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Welcome to a new, low-key private equity industry


Manexecuting the past For a decade, it sometimes seemed like anyone could be a private equity investor. Rising valuations at portfolio companies, and cheap financing to buy them, have boosted returns and generated cash at breakneck speed. In contrast, improving the efficiency of portfolio companies contributed much less to industry returns. As acquisitions accelerated, more and more Americans were employed indirectly by the industry; today, more than 10 million employees work for its portfolio companies. But last year, as valuations fell and leverage became scarce, the twin tailwinds for private equity reversed. By the summer, the deal had collapsed. Deals struck at high prices during the boom years are starting to look a little reckless.

Private equity is entering a new era. After months of inaction, deal makers are getting back to work. Economic uncertainty is still weighing on buyers and sellers’ expectations, but more major deals were announced in March than in any month since last May. In one such deal, tech investor Silver Lake announced it would buy software company Qualtrics for more than $12 billion, with a commitment to take on $1 billion in debt—an acquisition that, while not highly leveraged, was nonetheless an acquisition. The industry that emerges during this period will not be the same as the omnipotent giants of the 2010s. Private equity will be plagued by its folly at the top of the cycle. The growth rate of assets may slow down. The new phase will benefit investors willing to roll up their sleeves to improve the operations of acquired companies.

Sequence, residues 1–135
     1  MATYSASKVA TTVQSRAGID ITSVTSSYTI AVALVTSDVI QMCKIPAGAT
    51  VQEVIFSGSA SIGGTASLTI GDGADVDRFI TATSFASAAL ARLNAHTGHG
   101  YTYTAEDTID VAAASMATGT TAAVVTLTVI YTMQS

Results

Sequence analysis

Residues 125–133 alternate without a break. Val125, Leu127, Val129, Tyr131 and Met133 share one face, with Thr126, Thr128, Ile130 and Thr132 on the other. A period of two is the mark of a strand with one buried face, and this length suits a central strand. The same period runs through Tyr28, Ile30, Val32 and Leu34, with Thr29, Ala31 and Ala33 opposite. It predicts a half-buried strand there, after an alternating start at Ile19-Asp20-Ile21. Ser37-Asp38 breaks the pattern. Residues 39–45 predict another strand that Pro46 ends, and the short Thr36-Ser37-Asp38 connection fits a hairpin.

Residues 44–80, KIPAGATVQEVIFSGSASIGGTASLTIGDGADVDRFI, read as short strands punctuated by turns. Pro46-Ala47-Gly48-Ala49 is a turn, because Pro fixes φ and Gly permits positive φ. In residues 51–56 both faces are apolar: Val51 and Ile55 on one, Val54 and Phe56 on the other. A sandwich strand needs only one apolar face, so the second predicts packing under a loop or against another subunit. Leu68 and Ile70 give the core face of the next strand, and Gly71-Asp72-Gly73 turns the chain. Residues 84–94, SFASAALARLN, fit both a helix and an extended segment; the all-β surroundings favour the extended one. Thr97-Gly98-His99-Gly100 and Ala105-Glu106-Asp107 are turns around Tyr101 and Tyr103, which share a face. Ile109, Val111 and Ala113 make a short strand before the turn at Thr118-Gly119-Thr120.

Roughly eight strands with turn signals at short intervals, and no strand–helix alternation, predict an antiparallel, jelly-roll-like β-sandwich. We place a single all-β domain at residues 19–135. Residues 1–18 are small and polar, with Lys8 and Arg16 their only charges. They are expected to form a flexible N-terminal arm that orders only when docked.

Because funds that invest in a downturn are often among the most profitable in private equity, some managers realize that recession expectations have created bargains and are now eager to deploy capital. They are buying companies whose valuations have been hit by rising interest rates. On April 17, The Hut Group announced that it had received a non-binding offer from private equity giant Apollo. Shares in the struggling British e-commerce company have fallen 90% since 2021. In February, Francisco Partners beat out potential private equity buyers to buy Sumo Logic for $1.7 billion, or about four times its annual sales. The US software company trades at more than 15 times 2021 earnings. Another private-equity giant, Bain Capital, set up a $2.4bn tech fund to capitalize on the industry’s turmoil.